Atomic layers of graphene could keep electronics cool

May 11th, 2010 - 1:29 pm ICT by ANI  

London, May 11 (ANI): Taking another step toward new technology that could keep laptops and other electronic devices from overheating, scientists have found that multiple layers of graphene, which are easier to make, have unique thermal properties.

Professor Alexander Balandin and a team of UC Riverside researchers, including Chun Ning Lau, an associate professor of physics, experimentally showed in 2008 that graphene, a recently discovered single-atom-thick carbon crystal, is a strong heat conductor.

The problem for practical applications was that it is difficult to produce large, high quality single atomic layers of the material.

Now, in the new study, researchers have found that atomic layers of graphene also retain the strong heat conducting properties.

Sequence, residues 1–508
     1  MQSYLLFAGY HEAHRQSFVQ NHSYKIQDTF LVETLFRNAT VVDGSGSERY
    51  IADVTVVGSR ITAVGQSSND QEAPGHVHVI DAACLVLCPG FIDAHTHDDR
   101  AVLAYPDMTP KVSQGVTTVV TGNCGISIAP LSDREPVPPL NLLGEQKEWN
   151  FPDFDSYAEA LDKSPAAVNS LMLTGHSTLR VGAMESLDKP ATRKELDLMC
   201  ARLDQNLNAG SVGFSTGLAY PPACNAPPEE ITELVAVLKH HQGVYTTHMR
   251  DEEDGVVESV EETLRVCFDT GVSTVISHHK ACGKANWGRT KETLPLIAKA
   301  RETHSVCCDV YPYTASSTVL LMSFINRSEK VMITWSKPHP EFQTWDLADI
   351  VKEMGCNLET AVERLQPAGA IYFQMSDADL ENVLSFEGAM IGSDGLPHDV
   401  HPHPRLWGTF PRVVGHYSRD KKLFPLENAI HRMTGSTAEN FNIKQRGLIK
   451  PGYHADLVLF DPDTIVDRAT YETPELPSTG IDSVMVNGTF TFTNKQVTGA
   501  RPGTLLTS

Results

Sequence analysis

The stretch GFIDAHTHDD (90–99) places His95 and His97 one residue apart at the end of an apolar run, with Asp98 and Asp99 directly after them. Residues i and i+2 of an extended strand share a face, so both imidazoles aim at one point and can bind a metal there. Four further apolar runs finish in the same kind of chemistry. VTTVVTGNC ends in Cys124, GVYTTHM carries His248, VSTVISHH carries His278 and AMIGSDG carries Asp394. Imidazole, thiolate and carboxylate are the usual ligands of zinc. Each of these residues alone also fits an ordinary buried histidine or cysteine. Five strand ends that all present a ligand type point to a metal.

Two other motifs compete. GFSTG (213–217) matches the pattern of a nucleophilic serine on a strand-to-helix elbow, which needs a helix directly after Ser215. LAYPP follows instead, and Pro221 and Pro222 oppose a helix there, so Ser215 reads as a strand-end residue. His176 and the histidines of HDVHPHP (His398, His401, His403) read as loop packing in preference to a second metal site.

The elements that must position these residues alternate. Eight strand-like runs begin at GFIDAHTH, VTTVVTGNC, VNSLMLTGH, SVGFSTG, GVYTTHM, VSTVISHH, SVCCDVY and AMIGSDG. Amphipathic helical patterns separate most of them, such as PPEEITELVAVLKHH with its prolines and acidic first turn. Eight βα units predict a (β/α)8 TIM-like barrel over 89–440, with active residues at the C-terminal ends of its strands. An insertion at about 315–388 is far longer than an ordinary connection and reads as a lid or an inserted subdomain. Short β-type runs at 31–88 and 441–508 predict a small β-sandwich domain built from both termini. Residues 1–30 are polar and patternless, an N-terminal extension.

The researchers also explained theoretically how the materials’ ability to conduct heat evolves when one goes from conventional three-dimensional bulk materials to two-dimensional atomically thin films, such as graphene.

The results could have important practical applications in removal of dissipated hear from electronic devices.

New approaches to managing heat in electronics include incorporating materials with superior thermal properties, such as graphene, into silicon computer chips.

In addition, proposed three-dimension electronics, which use vertical integration of computer chips, would depend on heat removal even more, said Balandin.

Balandin’s research showed that graphene has excellent thermal properties in addition to unique electronic characteristics.

“Graphene is one of the hottest materials right now. Everyone is talking about it,” Nature quoted Balandin as saying.

The study’s results have been published in Nature Materials. (ANI)

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